Our potato tower was 3×3 feet square (we used this diagram as a rough blueprint). The bottom was lined with a cardboard barrier because we have lead in our soil. The first level of about 10 inches was filled with 100% composted soil. We planted 8 or 9 small seed potatoes (a red variety, maybe Yorkland Reds? — something like that) on May 17th. We saw the first sprouts on June 7th. By June 27th, the plants were looking great. We added a second level on July 4th, covering up the lower portions of the plants with a mixture of composted soil and peat from Traverse Gardens. (We bought several bags of this soil throughout the summer as the plants and the tower grew.) The plants looked half-dead every time we built up the soil around them, but would bounce back to life almost overnight. We saw our first blossoms on July 18th. We trimmed the stems on the 3rd level thinking maybe it would provide more room for roots to grow. On August 27th, 3 months after planting, we harvested a few potatoes from the first level and they looked great. Then we left things alone until the first week of October and did our final harvest. We got some beautiful big red potatoes out of the first level. And not a single potato on the 2nd, 3rd or 4th level (each level was about 10 inches high). The potato plants had long stems. We saw blossoms only once — in July for about a week. A couple times we watered the potatoes with water that may have had some tomato plant food in them, but that was minimal and only once or twice. The plants were watered regularly and were healthy all summer long. They grew through at least 40 inches of soil to the top of the tower. That’s all I can think of it. What did we do wrong?

These are my best guesses:

— We had the wrong variety of potatoes, a red variety (Yorklands — I still can’t remember the name). Rob over at One Straw says:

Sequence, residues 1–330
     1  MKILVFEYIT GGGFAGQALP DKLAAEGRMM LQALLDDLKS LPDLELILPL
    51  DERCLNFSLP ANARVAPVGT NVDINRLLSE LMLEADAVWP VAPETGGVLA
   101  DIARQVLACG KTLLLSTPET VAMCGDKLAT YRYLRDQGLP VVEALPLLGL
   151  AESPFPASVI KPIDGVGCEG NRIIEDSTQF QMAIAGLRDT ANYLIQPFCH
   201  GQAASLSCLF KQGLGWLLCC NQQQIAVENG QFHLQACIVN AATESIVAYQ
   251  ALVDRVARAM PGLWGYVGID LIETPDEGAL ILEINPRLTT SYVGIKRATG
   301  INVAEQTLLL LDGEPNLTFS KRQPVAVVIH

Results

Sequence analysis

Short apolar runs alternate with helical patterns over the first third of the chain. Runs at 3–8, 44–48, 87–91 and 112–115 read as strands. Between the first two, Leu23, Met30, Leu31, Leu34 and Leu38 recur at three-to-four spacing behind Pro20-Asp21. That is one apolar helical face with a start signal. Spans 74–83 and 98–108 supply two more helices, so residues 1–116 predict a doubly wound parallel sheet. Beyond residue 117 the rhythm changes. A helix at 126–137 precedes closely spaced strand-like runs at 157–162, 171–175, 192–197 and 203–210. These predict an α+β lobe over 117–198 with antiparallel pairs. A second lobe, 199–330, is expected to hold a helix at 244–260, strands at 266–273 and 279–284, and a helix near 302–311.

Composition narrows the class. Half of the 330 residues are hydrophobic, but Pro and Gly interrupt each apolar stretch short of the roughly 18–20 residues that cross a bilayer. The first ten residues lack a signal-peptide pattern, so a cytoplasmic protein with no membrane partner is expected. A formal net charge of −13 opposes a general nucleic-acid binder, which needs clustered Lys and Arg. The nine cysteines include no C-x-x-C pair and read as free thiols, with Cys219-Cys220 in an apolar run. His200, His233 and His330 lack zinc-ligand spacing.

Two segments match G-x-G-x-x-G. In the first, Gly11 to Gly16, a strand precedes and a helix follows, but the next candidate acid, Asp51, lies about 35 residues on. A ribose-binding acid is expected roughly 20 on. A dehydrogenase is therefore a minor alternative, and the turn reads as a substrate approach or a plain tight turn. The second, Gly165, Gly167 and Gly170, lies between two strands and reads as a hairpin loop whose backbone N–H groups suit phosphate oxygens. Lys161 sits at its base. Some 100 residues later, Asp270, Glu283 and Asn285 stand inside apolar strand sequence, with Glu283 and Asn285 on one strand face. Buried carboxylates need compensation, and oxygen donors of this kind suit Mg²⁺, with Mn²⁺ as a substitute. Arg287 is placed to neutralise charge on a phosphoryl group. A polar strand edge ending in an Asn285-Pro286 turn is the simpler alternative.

Supposedly late varieties do better in towers — so look for Late, High Yielding varieties like Burbank Russet, Bintje, Romanze, Desiree, etc.

Rob uses words like “cultivar” when talking about potatoes. I don’t even know what that is, but he seems to know a lot more than I do, so I’ll take his word on it. Greg Lutovsky in the Seattle Times article recommends Yellow Finn, Yukon Gold, Caribe, Red Pontiac and Red Lasoda (at least for the Western Washington area).

— Maybe we used the wrong kind of soil. There can’t be anything wrong with our first level of 100% composted soil, but the subsequent levels were a mixture of composted soil and peat, and there may be some mild fertilizer in the mix too (I’ll have to ask Ross Traverse specifically what he puts in his all-in-one soil). Perhaps we should have added straw with more raw, loose compost. I’m not sure. I thought Ross’s soil was pretty much good for everything. Maybe not.

— We may have over-planted. 9 small potato seeds in a 3 x 3 bed. Is that too crowded? The plants certainly seemed to grow vigorously. They were healthy plants, that’s for sure. But maybe there were too many of them. Maybe there wasn’t enough room for roots to grow out from the buried stems. I don’t know (but I doubt it).

— Did we harvest too early? I doubt that too. We could have waited a few more weeks, but I can’t see that short bit of time making much difference.

— Did our initial test harvest from the first level damage the root system? I don’t know. Even if it did, it shouldn’t have made any difference to what grew above the first level.

So in the end, I don’t really know why the potato tower didn’t yield a bountiful harvest of potatoes. I think the whole thing might be a bunch of hype. I’d like to see proof from Greg Lutovsky, who may be the originator of the potato tower idea, that it actually works.